DRC and the law of the jungle

This is the twenty-first century, for God’s sake. This statement has become the short answer to almost every question about our time – from religion to politics, sexual orientation to marriage and the concept of a family, fashion to food, from how we live and die to how we produce– everything.
Joseph Rwagatare
Joseph Rwagatare

This is the twenty-first century, for God’s sake. This statement has become the short answer to almost every question about our time – from religion to politics, sexual orientation to marriage and the concept of a family, fashion to food, from how we live and die to how we produce– everything.

Sometimes it is an impatient retort to anyone who appears to doubt how far the human race has come. Other times it is a sharp rebuke to people deemed to be slow-witted and stuck in an earlier period.

But it can also reflect the refusal to face up to the reality that the world in this century is, in fact, in some ways not different from what it was in pre-historic times.

Humankind has, of course, made progress and we rightly pride ourselves on having evolved to a superior civilization in all aspects - economy, politics, social organisation, international relations, technology, and many more.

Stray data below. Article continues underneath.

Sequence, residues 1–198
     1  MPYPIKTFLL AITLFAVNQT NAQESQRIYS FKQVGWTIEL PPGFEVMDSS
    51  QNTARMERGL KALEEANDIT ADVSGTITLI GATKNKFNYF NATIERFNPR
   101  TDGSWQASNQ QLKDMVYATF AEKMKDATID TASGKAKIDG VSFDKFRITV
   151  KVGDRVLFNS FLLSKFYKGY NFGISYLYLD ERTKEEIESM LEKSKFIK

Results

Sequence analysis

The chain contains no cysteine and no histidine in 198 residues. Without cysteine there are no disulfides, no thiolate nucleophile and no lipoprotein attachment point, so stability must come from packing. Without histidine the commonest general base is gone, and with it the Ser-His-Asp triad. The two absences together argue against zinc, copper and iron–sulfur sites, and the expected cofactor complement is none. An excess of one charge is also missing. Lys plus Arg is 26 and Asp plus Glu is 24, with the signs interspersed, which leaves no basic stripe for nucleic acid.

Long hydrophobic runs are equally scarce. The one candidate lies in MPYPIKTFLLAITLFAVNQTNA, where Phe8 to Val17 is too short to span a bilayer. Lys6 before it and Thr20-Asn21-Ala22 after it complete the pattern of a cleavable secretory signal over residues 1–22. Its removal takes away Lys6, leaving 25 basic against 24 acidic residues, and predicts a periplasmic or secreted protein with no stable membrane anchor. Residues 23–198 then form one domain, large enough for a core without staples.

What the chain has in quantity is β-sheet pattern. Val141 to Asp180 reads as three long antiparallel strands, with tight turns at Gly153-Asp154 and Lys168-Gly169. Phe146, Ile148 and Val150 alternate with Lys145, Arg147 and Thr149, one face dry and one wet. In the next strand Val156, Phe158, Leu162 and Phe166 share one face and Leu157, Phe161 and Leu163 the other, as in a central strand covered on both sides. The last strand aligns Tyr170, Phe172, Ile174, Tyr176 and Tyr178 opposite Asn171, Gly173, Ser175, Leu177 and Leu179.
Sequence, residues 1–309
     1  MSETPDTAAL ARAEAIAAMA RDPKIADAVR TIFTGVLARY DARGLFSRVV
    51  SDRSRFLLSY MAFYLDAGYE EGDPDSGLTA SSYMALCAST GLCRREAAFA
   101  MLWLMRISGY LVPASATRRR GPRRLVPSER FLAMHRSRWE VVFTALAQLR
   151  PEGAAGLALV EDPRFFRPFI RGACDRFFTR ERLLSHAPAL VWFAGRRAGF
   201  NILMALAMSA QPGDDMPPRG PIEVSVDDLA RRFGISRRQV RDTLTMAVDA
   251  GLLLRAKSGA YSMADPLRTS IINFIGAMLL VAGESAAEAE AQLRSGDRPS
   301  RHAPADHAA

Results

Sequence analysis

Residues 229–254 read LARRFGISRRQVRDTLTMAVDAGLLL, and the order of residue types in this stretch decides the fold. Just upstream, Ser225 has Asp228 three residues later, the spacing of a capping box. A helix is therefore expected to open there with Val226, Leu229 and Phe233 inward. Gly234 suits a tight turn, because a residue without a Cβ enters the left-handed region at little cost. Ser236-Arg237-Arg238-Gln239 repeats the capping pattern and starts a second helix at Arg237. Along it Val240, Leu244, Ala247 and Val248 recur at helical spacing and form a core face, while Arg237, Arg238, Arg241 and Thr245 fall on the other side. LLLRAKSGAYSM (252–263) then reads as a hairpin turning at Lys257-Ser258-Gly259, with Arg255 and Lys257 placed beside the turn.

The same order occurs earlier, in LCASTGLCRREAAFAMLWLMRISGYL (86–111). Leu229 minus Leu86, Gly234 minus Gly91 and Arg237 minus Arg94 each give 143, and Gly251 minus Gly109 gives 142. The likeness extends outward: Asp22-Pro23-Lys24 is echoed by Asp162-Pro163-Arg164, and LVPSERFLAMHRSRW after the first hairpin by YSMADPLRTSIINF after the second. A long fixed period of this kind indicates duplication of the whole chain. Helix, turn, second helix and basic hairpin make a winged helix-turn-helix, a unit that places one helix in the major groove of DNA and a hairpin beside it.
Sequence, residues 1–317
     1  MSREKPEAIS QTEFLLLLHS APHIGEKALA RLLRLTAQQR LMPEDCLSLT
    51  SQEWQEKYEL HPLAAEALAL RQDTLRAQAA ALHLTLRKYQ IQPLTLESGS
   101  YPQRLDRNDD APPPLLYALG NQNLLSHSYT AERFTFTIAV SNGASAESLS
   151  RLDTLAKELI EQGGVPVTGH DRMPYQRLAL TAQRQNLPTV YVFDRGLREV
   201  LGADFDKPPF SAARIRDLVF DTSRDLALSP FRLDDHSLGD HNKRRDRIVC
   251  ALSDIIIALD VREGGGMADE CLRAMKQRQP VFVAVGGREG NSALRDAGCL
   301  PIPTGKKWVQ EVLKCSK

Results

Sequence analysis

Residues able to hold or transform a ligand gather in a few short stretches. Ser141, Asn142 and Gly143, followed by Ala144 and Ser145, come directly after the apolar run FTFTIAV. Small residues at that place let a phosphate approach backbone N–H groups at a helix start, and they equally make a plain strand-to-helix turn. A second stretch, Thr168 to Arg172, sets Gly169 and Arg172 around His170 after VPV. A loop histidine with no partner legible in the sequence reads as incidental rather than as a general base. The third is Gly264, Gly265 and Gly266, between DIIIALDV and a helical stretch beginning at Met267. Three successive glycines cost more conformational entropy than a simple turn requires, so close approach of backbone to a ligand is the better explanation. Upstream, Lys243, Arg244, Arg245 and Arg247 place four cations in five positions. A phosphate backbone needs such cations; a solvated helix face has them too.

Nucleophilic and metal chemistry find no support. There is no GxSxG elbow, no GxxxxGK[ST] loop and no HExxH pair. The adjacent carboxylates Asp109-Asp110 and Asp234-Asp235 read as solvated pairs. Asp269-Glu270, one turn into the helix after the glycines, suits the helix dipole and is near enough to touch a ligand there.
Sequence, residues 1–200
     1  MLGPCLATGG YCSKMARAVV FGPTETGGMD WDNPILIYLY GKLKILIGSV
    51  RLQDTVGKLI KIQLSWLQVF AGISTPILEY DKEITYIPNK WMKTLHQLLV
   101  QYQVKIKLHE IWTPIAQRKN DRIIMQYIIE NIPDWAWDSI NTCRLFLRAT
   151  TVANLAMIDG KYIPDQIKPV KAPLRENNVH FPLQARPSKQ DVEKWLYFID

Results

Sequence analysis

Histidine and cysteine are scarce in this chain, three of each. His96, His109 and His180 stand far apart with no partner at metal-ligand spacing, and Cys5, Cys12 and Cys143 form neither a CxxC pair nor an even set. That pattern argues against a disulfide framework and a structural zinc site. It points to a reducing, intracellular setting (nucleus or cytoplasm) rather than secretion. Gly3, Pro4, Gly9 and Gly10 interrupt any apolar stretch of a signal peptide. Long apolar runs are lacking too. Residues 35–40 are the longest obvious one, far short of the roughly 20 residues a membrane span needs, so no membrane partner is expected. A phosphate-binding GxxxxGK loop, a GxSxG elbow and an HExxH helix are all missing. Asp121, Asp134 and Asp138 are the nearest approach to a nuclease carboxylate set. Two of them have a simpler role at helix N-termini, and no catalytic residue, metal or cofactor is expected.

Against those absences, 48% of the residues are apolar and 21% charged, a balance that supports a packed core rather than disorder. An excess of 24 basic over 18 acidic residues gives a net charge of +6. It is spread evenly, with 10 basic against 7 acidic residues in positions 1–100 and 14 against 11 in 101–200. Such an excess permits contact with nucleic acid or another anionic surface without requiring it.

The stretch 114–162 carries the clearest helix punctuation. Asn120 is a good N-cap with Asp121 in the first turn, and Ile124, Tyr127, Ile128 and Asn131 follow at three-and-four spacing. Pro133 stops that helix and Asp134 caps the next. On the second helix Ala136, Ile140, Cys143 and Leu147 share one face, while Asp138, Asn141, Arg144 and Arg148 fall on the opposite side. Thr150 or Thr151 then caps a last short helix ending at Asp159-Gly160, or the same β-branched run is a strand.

And there is evidence to back this unprecedented sophistication. There have been incredible advances in technology that have revolutionized how people live – at least in the advanced industrialised countries.

One need only look at the revolution in information and communication technology during the last few decades. Even the remotest corner of the world has not been spared its impact.

In many instances the conventional concept of space and time has been so subverted as to almost become irrelevant. This is how the idea of the global village was born.

Politically, most of the world claims to be governed under some form of democracy. Despots and dictators are increasingly becoming endangered species whom no one is eager to prevent from becoming extinct.

Where the internal process towards extinction is not fast enough, a not-so-gentle push from outside will speed it up.

Advances in social organisation are such that we have had to redefine social relations and invented new words and categories to accommodate the redefined reality.